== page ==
A man should have a hobby.
Well, it's... it's more than a hobby. A hobby's supposed to pass the time, not fill it.
Is your time so empty?
No... uh, well, I run the office and tend the cabins and grounds and, and do a little errands for my mother. The ones she feels I might be capable of doing.
Don't you go out with friends?
Well, a boy's best friend is his mother.
Later that night, Marion takes a shower before retiring, symbolically washing away her sins. Unfortunately, fate deals her a cruel hand, and Marion is fatally stabbed by Norman's jealous mother (brilliantly executed with in the original films with some clever editing that never actually showed the knife touching Janet Leigh's body-double).
My mother's harmless... as harmless as one of these stuffed birds.
Having killed off what the audience thought was the film's main character, the story then shifts to Norman, who attempts to conceal the crime from the subsequent investigations of private detective Arbogast (Willam H. Macy of "Pleasantville"), Loomis, and Marion's sister, Lila (Julianne Moore of "The Big Lebowski"). What then follows are a series of startling discoveries...
I think that we are all in our private traps, clamped in them, and none of us can ever get out. We scratch and claw, but only at the air, only at each other. And for all of it, we never budge an inch.
Sometimes, we deliberately step into those traps.
The beauty of the original "Psycho" was that it defied expectations at every turn, and got the audience to root for the wrong people. In the beginning, the film creates sympathy for the likable-but-greedy Marion-- when the police officer looks at her suspiciously, the audience is on pins-and-needles, hoping that she won't be arrested. However, barely a half-hour into the film, Marion is killed off, and audience sympathies are then paradoxically directed towards Norman, whom Marion also felt compassion for. Later on, as Norman is dumping Marion's car in a nearby swamp or being questioned by Abrogast, we are once again on pins-and-needles, hoping that Norman doesn't get caught for his indiscretions and that it will all somehow work out for him in the end.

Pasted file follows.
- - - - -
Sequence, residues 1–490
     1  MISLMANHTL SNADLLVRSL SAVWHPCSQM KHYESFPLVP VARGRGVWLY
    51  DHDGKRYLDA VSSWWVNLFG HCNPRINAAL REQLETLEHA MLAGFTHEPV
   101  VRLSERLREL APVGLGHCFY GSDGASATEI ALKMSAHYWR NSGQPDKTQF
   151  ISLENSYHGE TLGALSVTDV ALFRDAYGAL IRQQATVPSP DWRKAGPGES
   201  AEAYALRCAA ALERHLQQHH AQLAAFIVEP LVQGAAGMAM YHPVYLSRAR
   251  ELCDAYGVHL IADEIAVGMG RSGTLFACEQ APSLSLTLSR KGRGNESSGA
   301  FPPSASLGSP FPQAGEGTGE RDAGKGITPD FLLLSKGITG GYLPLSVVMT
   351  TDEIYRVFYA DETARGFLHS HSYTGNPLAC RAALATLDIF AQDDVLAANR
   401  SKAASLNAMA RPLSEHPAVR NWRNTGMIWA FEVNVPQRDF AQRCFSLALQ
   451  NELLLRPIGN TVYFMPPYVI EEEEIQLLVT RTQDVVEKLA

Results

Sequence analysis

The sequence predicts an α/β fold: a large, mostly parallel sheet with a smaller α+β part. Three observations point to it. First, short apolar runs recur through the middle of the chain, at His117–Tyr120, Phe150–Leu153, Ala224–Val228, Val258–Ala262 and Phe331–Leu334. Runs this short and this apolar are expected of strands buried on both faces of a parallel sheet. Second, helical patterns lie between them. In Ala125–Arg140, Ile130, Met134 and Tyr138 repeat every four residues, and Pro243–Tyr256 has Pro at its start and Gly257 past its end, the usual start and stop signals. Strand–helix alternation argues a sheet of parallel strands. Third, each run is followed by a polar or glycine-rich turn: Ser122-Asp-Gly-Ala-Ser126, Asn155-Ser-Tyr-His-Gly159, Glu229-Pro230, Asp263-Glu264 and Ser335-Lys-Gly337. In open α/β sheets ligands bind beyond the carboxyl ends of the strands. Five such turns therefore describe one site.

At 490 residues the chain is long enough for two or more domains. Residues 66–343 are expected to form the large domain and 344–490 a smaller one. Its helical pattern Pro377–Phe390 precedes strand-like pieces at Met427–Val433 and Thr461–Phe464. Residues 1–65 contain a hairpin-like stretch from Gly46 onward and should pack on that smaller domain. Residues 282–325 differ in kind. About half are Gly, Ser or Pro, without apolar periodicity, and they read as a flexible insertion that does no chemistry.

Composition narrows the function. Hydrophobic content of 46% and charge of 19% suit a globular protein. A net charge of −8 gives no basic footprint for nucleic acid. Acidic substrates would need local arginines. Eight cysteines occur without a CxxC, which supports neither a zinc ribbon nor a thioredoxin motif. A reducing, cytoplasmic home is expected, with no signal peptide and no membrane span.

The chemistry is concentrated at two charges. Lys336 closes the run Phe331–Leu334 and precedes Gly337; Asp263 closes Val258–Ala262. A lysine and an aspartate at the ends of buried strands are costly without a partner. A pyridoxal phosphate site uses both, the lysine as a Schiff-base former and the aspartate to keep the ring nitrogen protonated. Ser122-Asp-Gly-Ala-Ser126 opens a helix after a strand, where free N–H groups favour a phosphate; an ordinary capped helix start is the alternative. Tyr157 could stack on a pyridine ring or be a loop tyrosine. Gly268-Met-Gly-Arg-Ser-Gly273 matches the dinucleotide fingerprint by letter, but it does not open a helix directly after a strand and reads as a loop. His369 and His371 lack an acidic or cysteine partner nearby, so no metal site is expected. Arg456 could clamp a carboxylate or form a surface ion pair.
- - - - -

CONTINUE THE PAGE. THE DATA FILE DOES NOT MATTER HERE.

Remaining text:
You know what I do about unhappiness? I buy it off. Are you unhappy?
Though Van Sant has stated his intentions to bring the film up to contemporary sensibilities, what he has in fact done is recreate the original with only superficial changes. Other than the differences in the acting department, most of the film remains exactly the same, including many of the trademark camera techniques of the original.
And despite his assertions of updating the classic, Van Sant has chosen an odd production design that combines nostalgic elements with modern ones. While Marion and her co-workers are adorned in retro-wear from the Sixties, their office is populated with many modern amenities, including desktop computers. Another example would be the contrast between fedora-wearing Arbogast, who seems to have just stepped off a film noir set, and Lila, who brings her Sony Walkman with her everywhere. Unfortunately, this makes certain scenes almost laughable, given the jarring clash of styles.
No, I tell you! No! I won't have you bringing strange young girls in for supper by candlelight, I suppose in the cheap erotic fashion of young men with cheap erotic minds.
And then what after supper? Music? Whispers?
This odd pairing of contrasting styles is also evident in the film's dialogue. Using the original dialogue, with its dated mannerisms and figures of speech, the conversations come across stilted, such as the first meeting between Sam, Arbogast, and Lila. In the hands of the film's more capable actors, such as Vaughn and Heche, this antiquated dialogue is tolerable. However, other actors are not as successful, such as Robert Forster's ("Jackie Brown") strained handling of the film's verbose bookend.
The only noteworthy aspect of this remake was the exquisite cinematography by Hong Kong trained Christopher Doyle, who has won numerous awards for his work on the films ofWong Kar Wai (such as "Chungking Express" and "Happy Together"). In "Psycho", the cinematographer infuses the color images with a washed-out appearance (similar to an effect used in his work on "Fallen Angels"), giving the film a muted look that complements the film's retro-feel and grim atmosphere. It's unfortunate that his talent is being wasted on such drivel.
I have a long drive tomorrow, all the way back to Phoenix. I stepped into a private trap back there and I'd like to go back and try to pull myself out of it before it's too late for me too.
But cinematography aside, the new "Psycho" is a pale imitation of the original, a seemingly pointless remake that does very little to enhance the source material. You're much better off heading to your local video store to rent the original.
Mother! Oh god! Mother! Blood! Blood!